As part of the Heritage, Place and Identity project at the RSA, we have worked to understand what makes a successful heritage-led place-making programme. Community is the key stakeholder in the process, with engagement crucial throughout the long-term process not for a discrete period to shape a strategy. But who, or what, makes up the community? Often, asking this question misses the importance of the production of a community through engagement itself.
Whether you are forging a partnership across diverse views and opinions, or if local history has become a driving force for place-identity, there is little doubt that if you want a regeneration project to work you must engage local people right from the start. Sometimes defining the community is part of the problem with heritage projects, but the process of engagement is a necessity.
Never let it be said that at the RSA we do not ask the big questions, of our renowned guest speakers and of each other in the office. When one of the directors asks me casually ‘So Dave, what is community, exactly?’ I first lent on sociological theory. Richard Jenkins has suggested that a group is a group when they identify themselves as such. But this differs from the dictionary definition that simply requires people to live in the same place (good luck defining the boundaries of a place), or share a particular characteristic. I live in London, and as many Londoners know – simply living in the same location (even the same building) does not always mean that you share the same community, or sense of it. But is this negative image of the UK, and of London, really accurate? Many Londoners are part of several communities, each with different geographies across the city (or the globe). In this sense, we might be best to understand a community is a self-identified bunch of people with a common interest. But merely identifying yourself as part of a community is not enough, you have to be an ongoing part of it.
Can we see a place for the community voice in planning decisions? As the guidance for London states, this needs to go beyond simply consultation. Yet even years after the Localism act of 2011, there remains little indication that neighbourhoods are forming ‘communities’ that act collectively to inform planning policy. This is perhaps more to do with the fact that sitting on planning committees can often take up much of a person’s valuable time, and sometimes without much to show for it. Proving the value of a communities activities can often be as hard as proving the value of intangible heritage, especially now as austerity enters the next stage, now with added mandate.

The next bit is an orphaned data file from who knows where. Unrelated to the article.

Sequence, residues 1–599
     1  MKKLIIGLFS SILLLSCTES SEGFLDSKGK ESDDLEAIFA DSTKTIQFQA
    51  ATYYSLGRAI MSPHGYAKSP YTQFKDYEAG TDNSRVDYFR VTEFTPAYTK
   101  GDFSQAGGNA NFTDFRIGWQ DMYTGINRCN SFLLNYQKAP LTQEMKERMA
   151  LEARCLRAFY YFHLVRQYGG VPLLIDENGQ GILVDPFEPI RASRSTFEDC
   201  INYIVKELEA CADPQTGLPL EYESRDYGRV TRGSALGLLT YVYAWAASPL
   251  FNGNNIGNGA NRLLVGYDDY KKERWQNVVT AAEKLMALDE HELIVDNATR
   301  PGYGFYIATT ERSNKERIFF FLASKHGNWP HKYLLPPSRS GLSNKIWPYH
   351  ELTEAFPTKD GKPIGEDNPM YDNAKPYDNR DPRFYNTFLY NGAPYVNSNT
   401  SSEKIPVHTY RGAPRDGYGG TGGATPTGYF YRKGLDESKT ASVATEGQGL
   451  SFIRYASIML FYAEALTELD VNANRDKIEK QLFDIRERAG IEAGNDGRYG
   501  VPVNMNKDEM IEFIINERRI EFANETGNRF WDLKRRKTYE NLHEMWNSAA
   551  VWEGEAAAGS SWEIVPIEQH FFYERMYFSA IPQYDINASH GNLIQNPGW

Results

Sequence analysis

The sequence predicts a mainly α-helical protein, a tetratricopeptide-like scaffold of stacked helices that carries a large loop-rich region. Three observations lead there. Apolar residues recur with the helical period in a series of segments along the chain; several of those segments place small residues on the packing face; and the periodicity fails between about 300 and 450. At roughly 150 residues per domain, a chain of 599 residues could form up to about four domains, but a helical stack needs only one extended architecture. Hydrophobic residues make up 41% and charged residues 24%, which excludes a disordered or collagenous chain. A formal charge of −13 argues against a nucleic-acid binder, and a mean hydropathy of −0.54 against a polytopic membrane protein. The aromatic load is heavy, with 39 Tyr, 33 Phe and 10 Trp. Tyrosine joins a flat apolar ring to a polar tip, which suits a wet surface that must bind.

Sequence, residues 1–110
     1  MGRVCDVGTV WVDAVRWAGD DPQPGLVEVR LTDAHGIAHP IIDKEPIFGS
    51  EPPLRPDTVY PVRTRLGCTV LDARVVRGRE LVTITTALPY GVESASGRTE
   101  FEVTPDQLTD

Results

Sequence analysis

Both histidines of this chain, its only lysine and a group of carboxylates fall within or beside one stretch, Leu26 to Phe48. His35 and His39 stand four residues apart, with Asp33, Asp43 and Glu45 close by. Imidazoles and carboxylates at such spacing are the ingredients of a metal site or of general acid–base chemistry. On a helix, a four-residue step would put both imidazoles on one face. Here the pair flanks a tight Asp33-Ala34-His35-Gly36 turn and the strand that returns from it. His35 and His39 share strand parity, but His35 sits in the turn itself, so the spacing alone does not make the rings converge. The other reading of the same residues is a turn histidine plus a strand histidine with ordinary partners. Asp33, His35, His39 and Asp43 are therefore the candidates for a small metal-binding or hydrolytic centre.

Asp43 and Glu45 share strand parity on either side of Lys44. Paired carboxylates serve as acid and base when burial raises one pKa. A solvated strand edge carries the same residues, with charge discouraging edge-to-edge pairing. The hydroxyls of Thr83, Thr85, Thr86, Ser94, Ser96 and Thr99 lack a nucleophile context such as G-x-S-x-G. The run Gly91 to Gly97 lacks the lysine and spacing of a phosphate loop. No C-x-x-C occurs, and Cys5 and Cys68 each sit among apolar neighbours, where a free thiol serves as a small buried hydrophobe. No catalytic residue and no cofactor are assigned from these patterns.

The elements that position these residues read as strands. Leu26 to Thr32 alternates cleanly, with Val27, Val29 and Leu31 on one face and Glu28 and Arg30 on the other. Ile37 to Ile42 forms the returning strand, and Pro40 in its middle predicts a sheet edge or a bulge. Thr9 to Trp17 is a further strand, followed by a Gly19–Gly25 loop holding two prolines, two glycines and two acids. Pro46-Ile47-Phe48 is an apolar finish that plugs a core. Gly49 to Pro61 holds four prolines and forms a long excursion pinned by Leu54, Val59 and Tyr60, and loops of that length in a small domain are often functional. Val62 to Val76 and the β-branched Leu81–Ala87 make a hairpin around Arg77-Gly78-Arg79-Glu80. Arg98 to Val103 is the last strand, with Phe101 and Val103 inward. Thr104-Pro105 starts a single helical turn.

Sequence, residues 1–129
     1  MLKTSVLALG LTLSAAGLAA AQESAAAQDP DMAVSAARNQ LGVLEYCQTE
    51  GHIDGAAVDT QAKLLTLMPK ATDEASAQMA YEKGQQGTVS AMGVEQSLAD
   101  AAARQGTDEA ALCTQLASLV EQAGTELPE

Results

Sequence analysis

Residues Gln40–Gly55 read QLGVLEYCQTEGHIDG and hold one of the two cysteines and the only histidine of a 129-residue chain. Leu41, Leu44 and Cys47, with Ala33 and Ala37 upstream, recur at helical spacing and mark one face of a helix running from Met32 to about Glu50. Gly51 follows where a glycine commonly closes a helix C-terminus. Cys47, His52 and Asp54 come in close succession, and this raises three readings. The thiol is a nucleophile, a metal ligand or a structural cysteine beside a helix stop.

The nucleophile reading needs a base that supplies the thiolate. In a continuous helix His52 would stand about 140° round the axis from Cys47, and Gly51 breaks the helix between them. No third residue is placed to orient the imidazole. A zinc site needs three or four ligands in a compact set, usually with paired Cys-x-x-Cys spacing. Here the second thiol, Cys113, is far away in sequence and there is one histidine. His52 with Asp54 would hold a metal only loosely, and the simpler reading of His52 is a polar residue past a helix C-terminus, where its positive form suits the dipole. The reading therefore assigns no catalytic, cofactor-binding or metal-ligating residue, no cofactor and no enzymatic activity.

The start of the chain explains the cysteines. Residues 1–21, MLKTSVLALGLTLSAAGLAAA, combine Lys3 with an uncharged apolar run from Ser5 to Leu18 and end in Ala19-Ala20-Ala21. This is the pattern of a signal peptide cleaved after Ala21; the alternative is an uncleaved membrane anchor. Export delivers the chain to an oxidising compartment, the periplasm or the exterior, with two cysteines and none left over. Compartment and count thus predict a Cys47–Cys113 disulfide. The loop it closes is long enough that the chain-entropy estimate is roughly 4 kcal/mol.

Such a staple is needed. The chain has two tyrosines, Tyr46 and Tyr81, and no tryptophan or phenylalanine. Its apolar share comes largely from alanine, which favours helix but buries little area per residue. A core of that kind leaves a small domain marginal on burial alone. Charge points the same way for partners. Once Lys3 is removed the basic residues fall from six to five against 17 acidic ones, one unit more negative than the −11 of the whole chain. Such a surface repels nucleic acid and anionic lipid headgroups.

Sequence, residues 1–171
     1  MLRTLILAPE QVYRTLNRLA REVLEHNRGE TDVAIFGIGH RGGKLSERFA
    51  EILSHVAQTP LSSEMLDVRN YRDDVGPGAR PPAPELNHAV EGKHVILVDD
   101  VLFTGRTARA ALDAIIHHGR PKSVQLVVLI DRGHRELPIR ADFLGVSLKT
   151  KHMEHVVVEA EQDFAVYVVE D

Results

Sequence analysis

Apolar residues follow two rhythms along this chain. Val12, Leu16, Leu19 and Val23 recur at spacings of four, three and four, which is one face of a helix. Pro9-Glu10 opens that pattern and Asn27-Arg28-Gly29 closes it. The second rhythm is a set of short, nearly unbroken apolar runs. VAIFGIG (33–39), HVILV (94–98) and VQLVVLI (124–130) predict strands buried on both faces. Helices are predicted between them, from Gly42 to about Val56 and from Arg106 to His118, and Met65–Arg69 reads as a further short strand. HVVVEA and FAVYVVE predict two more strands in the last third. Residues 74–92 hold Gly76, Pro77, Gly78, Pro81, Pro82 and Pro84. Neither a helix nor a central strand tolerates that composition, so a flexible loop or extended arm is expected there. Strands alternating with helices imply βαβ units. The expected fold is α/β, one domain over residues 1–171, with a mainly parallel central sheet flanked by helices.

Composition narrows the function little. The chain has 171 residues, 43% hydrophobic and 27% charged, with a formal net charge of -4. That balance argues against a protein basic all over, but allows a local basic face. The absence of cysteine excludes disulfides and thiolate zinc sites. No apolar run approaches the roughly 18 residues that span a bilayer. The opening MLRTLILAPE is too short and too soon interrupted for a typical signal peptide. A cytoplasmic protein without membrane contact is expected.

The previous coalition government spoke much of the power of local people and they took several steps to empower groups, neighbourhoods and communities. These included the Right to Bid, the Right to Challenge and the Right to build and to reclaim land. Some technical innovation could help these powers be taken up more broadly. There are websites designed to drive connections and relationships between local people, helping to form ties and community groups. There are also funding programmes that look to help foster groups across London, so the aid is not simply advice – but financial resources.
It remains an unfulfilled aspect of the devolution agenda that people representing smaller groups and local communities gain further control in what happens to the space around them and this is not less true for heritage projects. At the very heart of this is understanding that what we mean when we say that we need to ‘engage the community’. It’s more than hand picking a dozen people who are sympathetic to the cause of the developers. Nor is it arbitrarily gathering local residents together and trying to force engagement out of people who have jobs and families to look after. Indeed, ‘engaging the community’ could be considered something of a misnomer – it implies there is a bounded ‘community’ already, one which needs engaging with, rather than a product of the engagement.
Often, key stakeholders are the initiators of good heritage regeneration projects, but once the project is underway, it is imperative that some work is done on finding out who, in the area, cares about this project. Who will it affect, and who will want to effect it? Community engagement is also, in part, community creation. Gary Edson, said this of heritage in 2007:
“Heritage, in the best of circumstances, enfranchises the emotionally and culturally disenfranchised. It allows humankind to transcend individual destiny to achieve continuity” (Edson 2007)
Whilst the term ‘transcend individual destiny’ might come across as overly grandiose, that is exactly what happens when you become part of a community, or any group. Identifying yourself with other people for a common reason, or goal or even a characteristic brings dividends in the shape of productivity, health and, David Laven is keen to point out, resilience.
By engaging on heritage led projects, by working through divergent goals and differing opinions, not only do you work towards a more successful outcome, but you create with it a community of people who care for and have a stake in the end product – even if that ‘end’ is as realistically vague as the community itself. Community driven projects help forge the community itself, as they spend time and energy developing consensus and then working on a common goal. If achieved that goal can often become a defining attachment for participants and others; part of the shared past, part of the place and the community’s very identity.
I love Dundee. It’s funny, but even in the world of today where Dundee is vibrant with the development of the V&A and waterfront, its status as a UNESCO City of Design and top place in our very own Heritage Index for Scotland, this is a statement that can be met with a range of responses ranging from ridicule to incredulity, especially in the Central Belt of Scotland.